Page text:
Cotehele & Bohetherick Woodland Walk
This circular walk from Cotehele Quay takes you through Cotehele and Bohetherick Woods, exploring semi-natural ancient woodland and taking in the sensory experience of the river and trees.
Before you go:
Don't forget to bring your walking boots for this trail. There will be puddles to splash in and some moderate hills to climb. The rangers love this route as it takes you past some of the finest old trees on the estate. Whilst exploring, follow the pink arrows along the route to help you on your way.
The Edgcumbe Tea-room at Cotehele Quay
Start your walk at the car park on Cotehele Quay. Follow the pink arrow to the path above the car park which leads into the woods. Almost immediately, you will see a path on your left which heads straight up the hill.
When you reach the road, cross and continue on the footpath directly opposite.
The Centenary Orchard was planted to celebrate 100 years of the National Trust in 1995. Lead Ranger George think that this spot has the best views of the Tamar on the estate. He loves to sit on the bench here and look down the winding river and over Haye Marsh on the right, one of our tenanted farms.
At the end of this footpath, you will descend several steps to reach a road. Cross the road and follow the path ahead for a short distance until you reach a turning. Take the right hand turning and follow the trail through the woodland.
In the spring, look out for fox gloves lining this path. In the summer, you may meet Ranger Pete doing a weekly butterfly survey here. Look out for silver washed fritillaries flitting between the trees.
At the end of this path you will reach a T-junction. Take the right hand turn and before you reach the gateway, take the left turn and follow the pink arrows along this track until you reach Morden weir.
This area is called Elbow Wood, named after one of the tracks which has a sharp elbow shaped bend. This tranquil track is a great place to pause and take note of your senses, enjoy the smell of the pine trees in the woodland and listen to the water running below.
With the weir in front of you, follow the track on the right, walk up the hill and out to a gateway which leads to the hamlet of Newhouses.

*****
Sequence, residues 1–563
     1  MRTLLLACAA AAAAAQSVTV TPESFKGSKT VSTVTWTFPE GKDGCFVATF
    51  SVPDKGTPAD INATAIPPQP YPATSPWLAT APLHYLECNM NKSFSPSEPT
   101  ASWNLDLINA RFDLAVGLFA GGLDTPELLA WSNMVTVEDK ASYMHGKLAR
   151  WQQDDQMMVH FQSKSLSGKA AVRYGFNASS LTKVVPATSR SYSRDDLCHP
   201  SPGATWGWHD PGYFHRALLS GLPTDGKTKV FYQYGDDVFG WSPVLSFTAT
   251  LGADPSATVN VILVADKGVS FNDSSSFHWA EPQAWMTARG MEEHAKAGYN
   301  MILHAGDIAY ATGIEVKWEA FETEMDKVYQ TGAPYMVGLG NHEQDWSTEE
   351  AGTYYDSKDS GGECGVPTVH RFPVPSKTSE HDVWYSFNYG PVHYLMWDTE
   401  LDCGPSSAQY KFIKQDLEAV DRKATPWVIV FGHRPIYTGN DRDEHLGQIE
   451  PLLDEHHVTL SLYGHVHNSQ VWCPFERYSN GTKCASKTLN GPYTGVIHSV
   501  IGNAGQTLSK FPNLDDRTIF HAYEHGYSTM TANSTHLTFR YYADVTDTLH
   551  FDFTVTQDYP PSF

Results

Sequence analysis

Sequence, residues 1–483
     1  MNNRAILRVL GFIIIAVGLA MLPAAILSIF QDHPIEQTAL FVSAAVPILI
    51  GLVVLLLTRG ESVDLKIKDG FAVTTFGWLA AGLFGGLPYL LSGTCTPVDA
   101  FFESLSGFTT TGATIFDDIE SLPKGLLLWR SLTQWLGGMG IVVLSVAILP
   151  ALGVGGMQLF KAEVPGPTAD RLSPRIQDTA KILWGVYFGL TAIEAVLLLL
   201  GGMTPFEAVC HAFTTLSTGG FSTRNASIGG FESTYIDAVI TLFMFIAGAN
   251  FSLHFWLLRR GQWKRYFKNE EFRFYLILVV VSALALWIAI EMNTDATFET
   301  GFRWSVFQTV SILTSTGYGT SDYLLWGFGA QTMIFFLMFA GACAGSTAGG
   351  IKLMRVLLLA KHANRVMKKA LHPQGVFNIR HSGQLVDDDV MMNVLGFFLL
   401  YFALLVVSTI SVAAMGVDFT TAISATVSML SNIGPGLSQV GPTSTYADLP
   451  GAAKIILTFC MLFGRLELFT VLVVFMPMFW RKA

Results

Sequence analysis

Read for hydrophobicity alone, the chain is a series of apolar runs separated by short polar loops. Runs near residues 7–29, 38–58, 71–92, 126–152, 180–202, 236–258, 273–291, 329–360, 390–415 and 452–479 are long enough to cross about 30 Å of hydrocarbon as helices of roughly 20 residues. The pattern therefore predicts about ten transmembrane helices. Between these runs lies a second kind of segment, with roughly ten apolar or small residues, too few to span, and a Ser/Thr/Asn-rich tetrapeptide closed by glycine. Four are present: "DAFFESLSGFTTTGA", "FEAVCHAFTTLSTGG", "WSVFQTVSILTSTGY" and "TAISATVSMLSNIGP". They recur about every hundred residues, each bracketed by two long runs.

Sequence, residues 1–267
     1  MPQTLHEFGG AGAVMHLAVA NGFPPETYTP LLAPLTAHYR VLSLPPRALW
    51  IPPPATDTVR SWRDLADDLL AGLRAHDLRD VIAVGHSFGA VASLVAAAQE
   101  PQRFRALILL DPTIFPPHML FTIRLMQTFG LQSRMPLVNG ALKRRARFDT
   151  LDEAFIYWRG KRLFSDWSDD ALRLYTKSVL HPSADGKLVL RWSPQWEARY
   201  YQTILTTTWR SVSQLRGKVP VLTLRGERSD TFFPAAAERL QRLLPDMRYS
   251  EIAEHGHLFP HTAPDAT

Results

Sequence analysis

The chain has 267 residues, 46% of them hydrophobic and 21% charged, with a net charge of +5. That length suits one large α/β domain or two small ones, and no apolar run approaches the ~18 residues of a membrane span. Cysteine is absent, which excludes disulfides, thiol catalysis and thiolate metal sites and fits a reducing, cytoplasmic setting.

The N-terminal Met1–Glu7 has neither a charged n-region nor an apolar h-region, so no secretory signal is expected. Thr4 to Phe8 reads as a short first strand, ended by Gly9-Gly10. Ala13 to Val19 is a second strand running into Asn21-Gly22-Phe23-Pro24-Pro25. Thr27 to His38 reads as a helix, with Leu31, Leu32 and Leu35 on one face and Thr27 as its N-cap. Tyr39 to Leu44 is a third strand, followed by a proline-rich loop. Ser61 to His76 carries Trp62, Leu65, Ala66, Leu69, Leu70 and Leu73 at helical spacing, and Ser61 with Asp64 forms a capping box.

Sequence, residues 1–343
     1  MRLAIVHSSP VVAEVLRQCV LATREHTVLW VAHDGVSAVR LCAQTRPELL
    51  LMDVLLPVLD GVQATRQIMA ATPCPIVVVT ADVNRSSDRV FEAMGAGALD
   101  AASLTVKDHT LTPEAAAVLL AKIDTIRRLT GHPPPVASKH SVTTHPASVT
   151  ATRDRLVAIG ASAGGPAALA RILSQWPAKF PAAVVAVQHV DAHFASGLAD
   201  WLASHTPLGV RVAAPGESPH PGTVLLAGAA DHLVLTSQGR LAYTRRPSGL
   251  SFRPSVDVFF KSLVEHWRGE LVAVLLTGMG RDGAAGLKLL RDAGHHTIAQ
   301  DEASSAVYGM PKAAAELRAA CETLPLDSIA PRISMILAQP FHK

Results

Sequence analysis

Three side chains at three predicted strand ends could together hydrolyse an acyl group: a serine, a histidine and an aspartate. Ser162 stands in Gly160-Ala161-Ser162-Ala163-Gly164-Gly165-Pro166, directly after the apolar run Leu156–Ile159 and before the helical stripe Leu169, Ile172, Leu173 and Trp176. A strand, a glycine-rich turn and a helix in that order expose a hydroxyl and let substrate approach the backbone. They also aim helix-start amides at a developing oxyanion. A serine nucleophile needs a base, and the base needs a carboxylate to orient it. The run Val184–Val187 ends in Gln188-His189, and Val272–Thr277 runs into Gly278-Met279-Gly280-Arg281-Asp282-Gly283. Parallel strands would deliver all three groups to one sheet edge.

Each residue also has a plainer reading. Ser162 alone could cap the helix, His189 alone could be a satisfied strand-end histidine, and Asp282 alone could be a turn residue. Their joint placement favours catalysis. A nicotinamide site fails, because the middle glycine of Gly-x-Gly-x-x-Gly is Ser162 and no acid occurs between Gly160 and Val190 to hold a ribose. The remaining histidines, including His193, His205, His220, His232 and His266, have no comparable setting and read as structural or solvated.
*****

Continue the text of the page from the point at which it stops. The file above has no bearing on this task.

Look out for migrating salmon and trout by the fish pass at the weir. This is where water is directed down a historic leat to the wooden waterwheel at the working flour mill.
At Newhouses, turn left and follow the road down the hill. Take care and watch out for cars here. When you reach the T junction at the bottom of the hill, turn left and walk past Morden Farm.
Just past the farm, the road forks. Take the righthand fork up the hill and immediately pass through the gateway on the left hand side to enter the woodland.
Follow the pink arrows through the woodland. You will walk above the weir on your left, and then you will see Cotehele Mill below you.
At this point, if you wish to visit Cotehele Mill, follow the track down the hill to the road. To continue the route, bear right and follow the pink arrows.
Follow the path until you reach a junction with a magnificent Oak tree beside a gateway. The track through the gate leads to the hamlet of Bohetherick, but to continue the route, turn left and follow the pink arrows down the hill until you reach the road.
Cross over the road, taking care to watch out for cars on the corner and continue following the path downhill to Bohetherick Quay and lime kilns.
This area is locally known as Dung Quay, from when boats unloaded fertiliser here to support the market gardens in the area. The boats then collected lime to transport up the river for sale.
Walk around the kilns on the left to return to the road and continue walking downhill until you reach the stone bridge. Turn right and use the bridge to cross the stream. Follow the road right and it will lead you back to Cotehele Quay.
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